A Phenomenological Study: Self-Care and Work-Life Balance among Pre-tenure Counselor Educators
Type of DegreePhD Dissertation
Special Education, Rehabilitation, Counseling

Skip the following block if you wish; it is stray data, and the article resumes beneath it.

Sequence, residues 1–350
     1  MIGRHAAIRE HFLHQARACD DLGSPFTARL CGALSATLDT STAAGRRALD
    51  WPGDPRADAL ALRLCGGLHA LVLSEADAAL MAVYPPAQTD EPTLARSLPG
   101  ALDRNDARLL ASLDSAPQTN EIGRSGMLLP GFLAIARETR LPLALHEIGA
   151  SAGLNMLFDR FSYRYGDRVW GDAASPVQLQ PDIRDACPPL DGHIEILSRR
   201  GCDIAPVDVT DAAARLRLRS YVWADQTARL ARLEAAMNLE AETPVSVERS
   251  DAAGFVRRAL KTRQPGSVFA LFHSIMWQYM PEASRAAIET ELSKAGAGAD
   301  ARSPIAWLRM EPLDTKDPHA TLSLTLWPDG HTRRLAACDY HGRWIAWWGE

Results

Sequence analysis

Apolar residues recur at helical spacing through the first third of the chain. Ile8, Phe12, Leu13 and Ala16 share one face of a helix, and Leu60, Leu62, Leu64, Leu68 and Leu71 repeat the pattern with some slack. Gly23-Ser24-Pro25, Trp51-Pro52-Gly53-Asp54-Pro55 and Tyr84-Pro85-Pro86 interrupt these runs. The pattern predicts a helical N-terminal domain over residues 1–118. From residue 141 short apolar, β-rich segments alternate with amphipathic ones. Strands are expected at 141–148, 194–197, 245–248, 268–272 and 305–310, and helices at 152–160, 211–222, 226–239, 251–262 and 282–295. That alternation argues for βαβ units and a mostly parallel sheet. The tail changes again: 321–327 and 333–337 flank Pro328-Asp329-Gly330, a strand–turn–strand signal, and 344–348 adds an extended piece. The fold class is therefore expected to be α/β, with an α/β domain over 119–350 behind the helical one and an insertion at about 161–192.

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Self-care is vital to ongoing wellness and can be any activity or engagement that one participates in emotionally, mentally, or spiritually to prevent burnout (McGarrigle & Walsh, 2011). According to Bradley, Whisenhunt, Adamson, and Kress (2013), within the helping profession, it is important to be able to utilize self-care strategies to ensure one is working effectively and not from a diminished state, due to burnout. Another vital aspect of self-care is work-life balance. Fouche and Martindale (2011), defined work-life balance as the time that one spends outside of their work environment. Self-care and work-life balance are related and important areas to study in order to gain education to help decrease burnout. There have been numerous studies conducted on many professions related to self-care, work-life balance, and burnout but there is a limited amount of research on pre-tenure counselor educators. The current Phenomenological study explored the lived experience of pre-tenured counselor educators in relation to self-care and work-life balance to increase support for new tenure track counselor education faculty. Utilizing Van Manen’s (1990) Phenomenological approach, five essential themes emerged: 1) Numerous Roles and Responsibilities, 2) Mindfulness and Intentionality, 3) Sacrifices, 4) Needing Clarity, and 5) Value in the Work; and one incidental theme: 1) communication. This study aimed to increase job satisfaction, provide recommendations related to self-care and work-life balance, and increase awareness related to self-care and work-life balance struggles for pre-tenure counselor educators. Recommendations for mentoring, research teams, self- care and work-life balance workshops, and an increase in technology-based meetings were implications found as a result of this phenomenological study.